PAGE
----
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Tom Fleming says he felt a “clunk that wouldn’t move” after roughly 10 minutes of dragging the Quality Inn & Suites Seattle Center hotel pool with a pole.

Fleming, a Texas firefighter who was staying at the hotel June 30, joined a group of people who were searching through the murky water for a hotel guest who had been missing for nearly three hours. He recalled the water was so chalky white that he couldn’t see his hand 18 inches below the surface.

Earlier, Seattle firefighters had searched the same pool, using thermal imaging and a rescue hook, but failed to find Tesfaye Girma Deboch. The Washington State University graduate student and instructor was last seen by a friend in the water flailing his hands frantically for help.

After the failed search by firefighters, Deboch’s friends checked his room and local hospitals but found no sign of the 27-year-old. That’s when they returned to the pool, where they were joined by Fleming, 51.

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Fleming had noticed the pole initially being used by a hotel employee and Deboch’s friends was too short to reach the bottom of the 8 ½-foot-deep pool. He asked the employee to get a longer cleaning pole, which he used to find Deboch’s body in the deep end of the pool.

Once they pulled him from the pool, it was clear Deboch was dead, Fleming said Monday.

“You could not see (Deboch) until you got him 18 inches to the surface,” Fleming said. “Even I was fishing around and even though he was at the very bottom, he was not always in the same spot. Finding a victim in a pool in that condition is like trying to find a needle in a haystack.”

The Seattle Fire Department continues to investigate why firefighters did not find Deboch’s body on their initial call to the hotel at 5:35 p.m. that day. They returned at 8:12 p.m. according to 911 call reports, after Deboch had been pulled from the pool.

Hotel management has not commented on the death.

Fleming and at least one other guest say they were in the pool after the Fire Department search and before Deboch’s body was found. Both recalled the water was murky and Fleming noted that the bottom was not visible.

Mylisa Blevins, 21, of Yakima, and her friends were in Seattle that day for Seattle’s annual Pride Parade and were swimming in the pool while they waited for their room shower to be fixed.

“We didn’t see him down there,” Blevins said. “There were kids and a woman there, but we were in the pool for an hour.”

Some people were still swimming while Deboch’s friends conducted their own search, Blevins said. When Fleming joined the effort, he asked everyone to get out of the pool.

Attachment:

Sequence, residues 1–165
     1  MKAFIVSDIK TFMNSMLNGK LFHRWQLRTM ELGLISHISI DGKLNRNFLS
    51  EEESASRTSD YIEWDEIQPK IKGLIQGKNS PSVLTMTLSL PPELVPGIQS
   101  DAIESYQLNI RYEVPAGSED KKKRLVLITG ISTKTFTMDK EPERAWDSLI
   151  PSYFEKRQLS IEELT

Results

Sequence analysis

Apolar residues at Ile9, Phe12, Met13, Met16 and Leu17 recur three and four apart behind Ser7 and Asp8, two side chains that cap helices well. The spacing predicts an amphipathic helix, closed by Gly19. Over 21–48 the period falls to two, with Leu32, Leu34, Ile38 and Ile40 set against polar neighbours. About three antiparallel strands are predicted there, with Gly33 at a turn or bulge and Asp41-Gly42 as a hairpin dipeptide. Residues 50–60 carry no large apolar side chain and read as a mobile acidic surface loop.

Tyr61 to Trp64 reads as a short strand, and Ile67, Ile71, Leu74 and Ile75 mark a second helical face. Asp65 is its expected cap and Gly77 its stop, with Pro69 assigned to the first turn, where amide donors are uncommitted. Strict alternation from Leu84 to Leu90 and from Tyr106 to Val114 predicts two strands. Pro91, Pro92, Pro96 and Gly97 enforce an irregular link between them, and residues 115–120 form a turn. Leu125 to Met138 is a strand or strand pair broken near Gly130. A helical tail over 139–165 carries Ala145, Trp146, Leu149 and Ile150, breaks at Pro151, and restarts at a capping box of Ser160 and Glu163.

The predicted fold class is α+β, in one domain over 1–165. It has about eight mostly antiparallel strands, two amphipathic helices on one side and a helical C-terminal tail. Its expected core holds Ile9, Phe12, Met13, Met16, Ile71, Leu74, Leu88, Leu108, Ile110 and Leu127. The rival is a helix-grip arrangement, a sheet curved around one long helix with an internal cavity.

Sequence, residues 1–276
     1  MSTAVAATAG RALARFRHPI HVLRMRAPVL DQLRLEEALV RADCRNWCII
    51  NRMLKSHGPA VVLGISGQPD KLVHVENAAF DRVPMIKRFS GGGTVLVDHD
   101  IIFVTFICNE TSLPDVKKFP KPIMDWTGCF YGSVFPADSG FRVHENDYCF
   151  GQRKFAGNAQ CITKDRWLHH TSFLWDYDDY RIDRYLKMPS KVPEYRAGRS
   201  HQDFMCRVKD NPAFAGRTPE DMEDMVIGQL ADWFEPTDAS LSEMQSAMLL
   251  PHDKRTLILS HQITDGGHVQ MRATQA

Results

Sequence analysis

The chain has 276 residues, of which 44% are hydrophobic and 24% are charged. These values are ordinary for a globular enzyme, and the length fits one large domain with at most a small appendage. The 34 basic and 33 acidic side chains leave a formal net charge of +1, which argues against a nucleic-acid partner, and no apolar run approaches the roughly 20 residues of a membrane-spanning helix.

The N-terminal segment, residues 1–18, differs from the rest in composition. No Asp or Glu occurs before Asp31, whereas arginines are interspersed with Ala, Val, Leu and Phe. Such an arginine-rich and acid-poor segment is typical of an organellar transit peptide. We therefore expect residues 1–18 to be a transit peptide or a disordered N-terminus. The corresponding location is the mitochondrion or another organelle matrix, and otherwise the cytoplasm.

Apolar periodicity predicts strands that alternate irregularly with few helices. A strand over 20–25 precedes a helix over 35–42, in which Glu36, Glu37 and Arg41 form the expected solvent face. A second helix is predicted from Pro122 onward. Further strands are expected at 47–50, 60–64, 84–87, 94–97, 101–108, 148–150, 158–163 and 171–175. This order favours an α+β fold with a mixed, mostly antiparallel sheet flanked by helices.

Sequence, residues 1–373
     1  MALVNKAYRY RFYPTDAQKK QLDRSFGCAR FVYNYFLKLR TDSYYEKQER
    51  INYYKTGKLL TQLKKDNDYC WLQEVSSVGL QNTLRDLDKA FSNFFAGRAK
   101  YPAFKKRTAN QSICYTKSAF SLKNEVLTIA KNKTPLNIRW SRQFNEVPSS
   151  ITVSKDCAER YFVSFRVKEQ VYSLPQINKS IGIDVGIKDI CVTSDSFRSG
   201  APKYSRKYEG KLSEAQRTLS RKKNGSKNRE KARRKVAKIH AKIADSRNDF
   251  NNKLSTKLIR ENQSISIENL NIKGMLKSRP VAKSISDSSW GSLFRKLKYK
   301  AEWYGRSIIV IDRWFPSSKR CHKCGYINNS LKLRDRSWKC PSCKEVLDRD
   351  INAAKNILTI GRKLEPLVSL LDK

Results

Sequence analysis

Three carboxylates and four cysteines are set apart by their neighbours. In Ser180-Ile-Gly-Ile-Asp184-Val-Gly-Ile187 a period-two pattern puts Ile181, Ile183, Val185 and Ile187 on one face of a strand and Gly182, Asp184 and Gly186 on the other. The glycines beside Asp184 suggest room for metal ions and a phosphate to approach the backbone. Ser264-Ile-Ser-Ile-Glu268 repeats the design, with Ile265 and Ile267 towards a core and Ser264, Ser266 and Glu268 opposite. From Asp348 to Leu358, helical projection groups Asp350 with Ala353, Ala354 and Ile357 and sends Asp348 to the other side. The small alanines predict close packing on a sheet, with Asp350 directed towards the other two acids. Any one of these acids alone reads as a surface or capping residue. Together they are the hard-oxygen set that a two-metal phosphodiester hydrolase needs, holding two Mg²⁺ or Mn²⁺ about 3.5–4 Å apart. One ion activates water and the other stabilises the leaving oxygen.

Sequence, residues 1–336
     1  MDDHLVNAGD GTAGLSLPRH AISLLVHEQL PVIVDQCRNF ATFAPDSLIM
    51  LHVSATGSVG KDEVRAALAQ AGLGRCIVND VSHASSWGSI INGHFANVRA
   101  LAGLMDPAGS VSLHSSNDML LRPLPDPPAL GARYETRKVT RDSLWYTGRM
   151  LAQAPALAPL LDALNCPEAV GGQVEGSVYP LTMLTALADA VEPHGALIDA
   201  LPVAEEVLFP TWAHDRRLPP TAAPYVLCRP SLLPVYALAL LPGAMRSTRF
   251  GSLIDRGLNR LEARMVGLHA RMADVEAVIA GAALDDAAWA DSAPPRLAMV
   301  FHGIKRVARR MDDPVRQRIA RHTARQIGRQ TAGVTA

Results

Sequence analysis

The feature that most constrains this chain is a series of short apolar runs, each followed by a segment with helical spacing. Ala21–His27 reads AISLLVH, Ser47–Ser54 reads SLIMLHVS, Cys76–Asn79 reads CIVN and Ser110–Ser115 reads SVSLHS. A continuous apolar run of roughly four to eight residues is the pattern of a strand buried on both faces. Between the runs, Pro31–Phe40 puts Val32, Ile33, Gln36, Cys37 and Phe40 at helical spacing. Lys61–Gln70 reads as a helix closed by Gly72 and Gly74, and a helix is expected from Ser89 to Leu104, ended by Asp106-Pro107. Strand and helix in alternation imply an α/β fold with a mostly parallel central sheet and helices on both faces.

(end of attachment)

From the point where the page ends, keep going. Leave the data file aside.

Blevins said there was chaos when the guests saw the body being pulled from the pool.

People were screaming as the hotel receptionist called 911 to summon firefighters and police back to the hotel, Blevins said.

Fleming said Deboch’s body was attached to the drain. He asked a hotel employee to turn off the drain; once that happened, they were able to gently push Deboch’s body to the side of the pool and pull him out.

“When Seattle Fire responded the first time, it had been past rescue mode to body recovery mode,” said Fleming, who works for the Cypress Creek Fire Department.

“That water was so bad it wasn’t worth having firefighter go in there and risking exposure to bacteria.”

The hotel pool has been closed since July 10 by Public Health — Seattle & King County, citing the emergency shut-off for the drain was not operating properly and lacking required emergency equipment, according to the inspection report.

James Apa, spokesman for the health department, said the pool pump is supposed to shut off automatically when the drain is blocked. But the emergency shut-off wasn’t working when the department did its most recent inspection.

“You don’t want people to be stuck to the drain and not be able to escape the suction,” he said. “We can’t say a faulty system was a factor in Deboch’s death, but just the fact that the system wasn’t operating on the 10th was reason alone to close the facility.”

The pool has had a history of closures due to its chlorine levels, water murkiness and other issues.

The health department closed the pool May 28 because there was no chlorine in the water. The report also said the water was cloudy and hazy, the handrails weren’t secure and the chemical storage area wasn’t locked properly.

Ryan Robertson, manager of Aqua Quip in Tacoma, said the No. 1 reason that pool water becomes cloudy and milky is a lack of chlorine.

“The most common reason, by far, is that they are not using enough chlorine, especially if the pool is being heavily used,” said Robertson, who is not connected to the case.

A second, far less common cause could be an improperly functioning filtration system, he said.

“This is why commercial accounts have very rigorous pool maintenance schedules,” Robertson said.

Deboch’s family is trying to find answers on what happened that day. He was buried in his native Ethiopia earlier this month.

“We saw the pool and we just wondered how they were not able to find the body the first time,” said Kifle Jikamo, a relative who lives in Spokane. “People were still swimming there even after the first time they came, and it was very frustrating.”

Jikamo said the family is waiting for the investigation to be completed before deciding if they’ll take legal action.

For now, they’re taking it one day at a time.

“Everyone depended on him,” Jikamo said. “He had a big family. He wanted to go back to Ethiopia and improve his country.”

Marissa Evans 206-464-3701

Seattle Times staff reporter Christine Clarridge contributed to this report.